School of Public and International Affairs
assistant provost, Office of the Provost
Ph.D., The Pennsylvania State University at Harrisburg
M.A., St. Johns College
B.A., Johns Hopkins University
Aaron Wachhaus' C.V. (.pdf)
Aaron Wachhaus specializes in governance theory, anarchism, and the theory and practice of social networks in public administration. Wachhaus joined UBalt in 2014 after five years on the faculty of Penn State Harrisburg where he taught in the M.P.A. and political science programs and served as the M.P.A. program and internship coordinator.
He believes that it is essential for students to engage directly with government and to apply the lessons of the classroom in their community, city, and profession. He challenges students to use local, community examples of governance models as guides for applying public administration and public policy theories, and to integrate public/private sector engagement into their discussion, research and practice. Wachhaus enjoys an active role in supervising doctoral candidates and mentoring students.
Wachhaus has published on topics as diverse as anarchism as a model for governance, municipal dissolution policy, natural disaster network mapping, and the role of sacrifice as a core civic value. His work has appeared in Public Administration Review, Administration & Society, Administrative Theory & Praxis, among other outlets. He is currently engaged in a multi-year longitudinal study of collaborative healthcare networks throughout Maryland. Its aim is to conduct initial mapping of 12 networks, make recommendations for increasing collaboration and effectiveness throughout the networks and assess resultant changes.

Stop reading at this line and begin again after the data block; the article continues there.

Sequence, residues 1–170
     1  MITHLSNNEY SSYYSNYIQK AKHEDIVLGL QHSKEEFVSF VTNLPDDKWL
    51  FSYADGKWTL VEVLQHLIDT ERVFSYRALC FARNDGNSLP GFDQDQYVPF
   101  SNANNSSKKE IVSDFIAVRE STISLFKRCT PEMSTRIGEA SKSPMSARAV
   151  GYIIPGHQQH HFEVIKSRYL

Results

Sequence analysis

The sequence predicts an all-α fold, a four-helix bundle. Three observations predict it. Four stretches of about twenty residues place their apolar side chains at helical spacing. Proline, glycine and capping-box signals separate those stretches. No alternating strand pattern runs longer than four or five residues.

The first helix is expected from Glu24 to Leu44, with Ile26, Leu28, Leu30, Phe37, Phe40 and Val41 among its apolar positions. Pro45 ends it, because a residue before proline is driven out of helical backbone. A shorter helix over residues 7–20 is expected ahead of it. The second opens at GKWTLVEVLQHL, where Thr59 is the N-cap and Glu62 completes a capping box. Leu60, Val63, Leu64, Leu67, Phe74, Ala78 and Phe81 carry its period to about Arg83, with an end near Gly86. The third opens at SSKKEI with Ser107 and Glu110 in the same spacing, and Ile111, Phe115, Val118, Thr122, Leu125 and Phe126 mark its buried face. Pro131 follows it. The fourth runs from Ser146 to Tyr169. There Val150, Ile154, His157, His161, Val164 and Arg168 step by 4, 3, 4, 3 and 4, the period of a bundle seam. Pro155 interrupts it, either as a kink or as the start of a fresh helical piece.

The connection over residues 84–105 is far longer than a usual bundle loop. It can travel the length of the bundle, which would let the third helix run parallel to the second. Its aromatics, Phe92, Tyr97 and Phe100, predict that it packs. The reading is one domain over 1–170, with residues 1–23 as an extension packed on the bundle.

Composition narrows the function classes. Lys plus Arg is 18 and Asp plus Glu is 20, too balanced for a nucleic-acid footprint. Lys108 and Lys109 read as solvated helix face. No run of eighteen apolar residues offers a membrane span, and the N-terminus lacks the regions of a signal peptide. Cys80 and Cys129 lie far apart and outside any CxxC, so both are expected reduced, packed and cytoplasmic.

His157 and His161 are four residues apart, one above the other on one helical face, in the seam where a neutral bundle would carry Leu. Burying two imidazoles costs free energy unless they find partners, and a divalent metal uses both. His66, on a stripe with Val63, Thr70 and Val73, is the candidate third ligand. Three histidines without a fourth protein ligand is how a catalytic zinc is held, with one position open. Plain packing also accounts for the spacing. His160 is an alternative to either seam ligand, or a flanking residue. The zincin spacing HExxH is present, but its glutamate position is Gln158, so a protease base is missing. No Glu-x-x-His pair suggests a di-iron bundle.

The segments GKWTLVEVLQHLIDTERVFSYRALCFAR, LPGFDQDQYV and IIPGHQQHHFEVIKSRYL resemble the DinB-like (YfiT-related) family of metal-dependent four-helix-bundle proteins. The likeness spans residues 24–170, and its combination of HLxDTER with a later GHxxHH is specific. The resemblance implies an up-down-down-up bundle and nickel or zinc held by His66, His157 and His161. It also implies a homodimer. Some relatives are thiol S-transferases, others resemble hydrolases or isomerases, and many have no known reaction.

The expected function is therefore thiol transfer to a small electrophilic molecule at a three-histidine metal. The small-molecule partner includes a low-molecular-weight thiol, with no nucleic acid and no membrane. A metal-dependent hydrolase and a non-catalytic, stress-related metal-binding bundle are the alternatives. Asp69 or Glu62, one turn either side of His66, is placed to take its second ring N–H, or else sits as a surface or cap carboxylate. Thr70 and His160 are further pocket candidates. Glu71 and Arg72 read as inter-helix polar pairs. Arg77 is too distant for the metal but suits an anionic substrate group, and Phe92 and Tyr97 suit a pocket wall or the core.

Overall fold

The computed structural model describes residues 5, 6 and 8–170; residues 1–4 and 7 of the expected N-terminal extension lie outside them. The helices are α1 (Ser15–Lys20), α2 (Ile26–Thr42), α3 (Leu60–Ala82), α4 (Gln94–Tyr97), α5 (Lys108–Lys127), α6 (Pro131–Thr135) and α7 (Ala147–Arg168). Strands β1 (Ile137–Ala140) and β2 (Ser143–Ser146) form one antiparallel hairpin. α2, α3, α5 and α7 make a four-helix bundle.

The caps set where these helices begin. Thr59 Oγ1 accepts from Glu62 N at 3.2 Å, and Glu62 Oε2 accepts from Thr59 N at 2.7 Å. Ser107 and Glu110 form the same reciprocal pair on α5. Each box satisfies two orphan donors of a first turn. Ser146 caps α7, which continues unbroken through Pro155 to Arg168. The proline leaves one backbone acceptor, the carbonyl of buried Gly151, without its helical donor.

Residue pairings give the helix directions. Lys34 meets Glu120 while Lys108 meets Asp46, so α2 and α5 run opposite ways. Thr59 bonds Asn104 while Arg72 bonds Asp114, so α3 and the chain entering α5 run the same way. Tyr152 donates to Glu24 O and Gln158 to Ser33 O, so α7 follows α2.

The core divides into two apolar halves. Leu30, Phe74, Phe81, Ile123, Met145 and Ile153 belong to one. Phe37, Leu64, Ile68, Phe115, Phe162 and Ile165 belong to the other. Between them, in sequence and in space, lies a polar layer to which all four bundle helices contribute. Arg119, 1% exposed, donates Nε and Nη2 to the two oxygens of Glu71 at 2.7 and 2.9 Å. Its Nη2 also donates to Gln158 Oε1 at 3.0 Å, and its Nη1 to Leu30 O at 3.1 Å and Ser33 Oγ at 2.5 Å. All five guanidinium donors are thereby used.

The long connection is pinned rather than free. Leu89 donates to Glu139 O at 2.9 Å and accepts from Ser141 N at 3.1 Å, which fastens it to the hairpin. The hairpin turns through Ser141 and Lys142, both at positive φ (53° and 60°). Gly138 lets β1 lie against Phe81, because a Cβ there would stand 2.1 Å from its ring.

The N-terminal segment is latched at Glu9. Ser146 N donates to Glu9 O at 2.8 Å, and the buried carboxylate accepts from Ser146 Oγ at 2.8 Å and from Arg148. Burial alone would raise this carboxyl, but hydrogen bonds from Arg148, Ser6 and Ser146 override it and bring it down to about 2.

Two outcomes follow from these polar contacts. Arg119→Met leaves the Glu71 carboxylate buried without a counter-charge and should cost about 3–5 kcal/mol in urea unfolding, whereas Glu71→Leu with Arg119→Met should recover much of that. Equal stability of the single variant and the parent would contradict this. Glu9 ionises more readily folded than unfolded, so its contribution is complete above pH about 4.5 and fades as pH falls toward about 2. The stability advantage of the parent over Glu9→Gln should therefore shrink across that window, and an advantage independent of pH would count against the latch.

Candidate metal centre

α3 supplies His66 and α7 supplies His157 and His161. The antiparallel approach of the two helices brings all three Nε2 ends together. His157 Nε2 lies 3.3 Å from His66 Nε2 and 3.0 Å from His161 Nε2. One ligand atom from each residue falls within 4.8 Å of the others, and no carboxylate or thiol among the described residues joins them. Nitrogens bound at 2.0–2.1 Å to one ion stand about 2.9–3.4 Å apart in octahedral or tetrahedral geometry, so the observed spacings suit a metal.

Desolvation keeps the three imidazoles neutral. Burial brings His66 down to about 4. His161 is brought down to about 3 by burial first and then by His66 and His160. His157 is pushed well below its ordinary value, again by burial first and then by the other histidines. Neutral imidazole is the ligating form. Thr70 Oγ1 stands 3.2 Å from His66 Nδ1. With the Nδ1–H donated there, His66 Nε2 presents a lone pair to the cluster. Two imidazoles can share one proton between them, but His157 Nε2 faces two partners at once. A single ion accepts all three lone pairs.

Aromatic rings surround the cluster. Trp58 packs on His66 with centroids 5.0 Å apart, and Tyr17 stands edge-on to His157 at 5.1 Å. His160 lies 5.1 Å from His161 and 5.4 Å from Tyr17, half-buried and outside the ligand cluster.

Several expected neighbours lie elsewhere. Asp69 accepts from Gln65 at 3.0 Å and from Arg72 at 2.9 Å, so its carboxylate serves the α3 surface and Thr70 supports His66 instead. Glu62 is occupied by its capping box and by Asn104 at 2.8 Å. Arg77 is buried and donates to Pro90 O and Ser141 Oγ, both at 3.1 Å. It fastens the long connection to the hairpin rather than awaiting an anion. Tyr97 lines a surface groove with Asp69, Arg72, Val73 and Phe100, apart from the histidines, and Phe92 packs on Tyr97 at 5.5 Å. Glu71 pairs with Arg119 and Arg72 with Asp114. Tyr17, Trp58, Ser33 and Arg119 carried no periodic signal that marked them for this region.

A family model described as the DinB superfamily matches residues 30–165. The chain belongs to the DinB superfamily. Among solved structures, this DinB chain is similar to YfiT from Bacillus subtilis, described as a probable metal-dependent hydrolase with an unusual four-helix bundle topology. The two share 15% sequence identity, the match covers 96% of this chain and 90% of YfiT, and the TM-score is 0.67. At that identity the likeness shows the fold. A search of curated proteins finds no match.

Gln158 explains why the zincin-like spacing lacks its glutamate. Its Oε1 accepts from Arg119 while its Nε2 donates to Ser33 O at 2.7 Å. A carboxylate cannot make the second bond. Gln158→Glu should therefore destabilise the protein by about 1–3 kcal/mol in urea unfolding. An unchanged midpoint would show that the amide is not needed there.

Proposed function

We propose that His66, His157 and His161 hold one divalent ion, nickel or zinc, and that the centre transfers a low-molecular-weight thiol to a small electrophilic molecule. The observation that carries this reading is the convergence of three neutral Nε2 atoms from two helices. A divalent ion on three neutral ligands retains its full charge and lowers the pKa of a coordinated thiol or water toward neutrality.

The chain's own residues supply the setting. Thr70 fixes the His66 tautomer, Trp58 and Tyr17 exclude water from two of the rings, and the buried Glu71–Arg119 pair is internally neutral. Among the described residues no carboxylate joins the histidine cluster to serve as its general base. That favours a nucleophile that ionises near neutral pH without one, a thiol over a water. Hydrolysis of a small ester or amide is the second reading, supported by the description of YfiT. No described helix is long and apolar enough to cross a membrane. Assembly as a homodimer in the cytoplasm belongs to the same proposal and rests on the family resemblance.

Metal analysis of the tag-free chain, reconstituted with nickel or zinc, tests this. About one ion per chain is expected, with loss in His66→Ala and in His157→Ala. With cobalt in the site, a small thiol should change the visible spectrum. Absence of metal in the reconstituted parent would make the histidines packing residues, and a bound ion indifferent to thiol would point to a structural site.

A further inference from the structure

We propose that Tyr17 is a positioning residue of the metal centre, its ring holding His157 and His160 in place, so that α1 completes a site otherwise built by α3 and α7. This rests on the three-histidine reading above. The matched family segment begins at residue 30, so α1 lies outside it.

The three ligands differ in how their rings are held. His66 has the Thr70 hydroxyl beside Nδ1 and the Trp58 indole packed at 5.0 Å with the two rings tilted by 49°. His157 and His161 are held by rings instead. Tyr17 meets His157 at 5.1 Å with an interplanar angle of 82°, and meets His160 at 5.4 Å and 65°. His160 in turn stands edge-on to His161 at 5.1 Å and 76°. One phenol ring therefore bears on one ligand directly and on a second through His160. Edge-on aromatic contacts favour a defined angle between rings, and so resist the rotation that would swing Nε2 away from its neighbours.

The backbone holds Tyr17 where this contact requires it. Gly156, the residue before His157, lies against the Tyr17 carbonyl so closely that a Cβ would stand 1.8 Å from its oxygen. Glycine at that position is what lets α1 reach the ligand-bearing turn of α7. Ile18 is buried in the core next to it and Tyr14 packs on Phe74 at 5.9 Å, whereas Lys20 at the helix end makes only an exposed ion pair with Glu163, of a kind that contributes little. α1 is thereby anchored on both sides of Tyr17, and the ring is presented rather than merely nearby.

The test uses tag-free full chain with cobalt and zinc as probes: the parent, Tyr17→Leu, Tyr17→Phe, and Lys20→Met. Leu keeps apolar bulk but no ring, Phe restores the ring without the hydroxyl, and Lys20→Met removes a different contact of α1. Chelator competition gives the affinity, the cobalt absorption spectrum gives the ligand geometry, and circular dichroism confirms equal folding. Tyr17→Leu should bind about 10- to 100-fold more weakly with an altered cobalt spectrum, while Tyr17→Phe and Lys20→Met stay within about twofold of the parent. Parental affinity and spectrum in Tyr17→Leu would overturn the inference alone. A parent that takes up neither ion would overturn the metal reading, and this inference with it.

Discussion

Wachhaus is President of the Southern Public Administration Education Foundation (SPAEF). Since 2006 he has served as the editor of Public Administration Quarterly. He has consulted with a number of nonprofit and community organizations in the Baltimore area. He has served as an external program reviewer, and serves as a manuscript and book reviewer for a number of journals and publishing houses.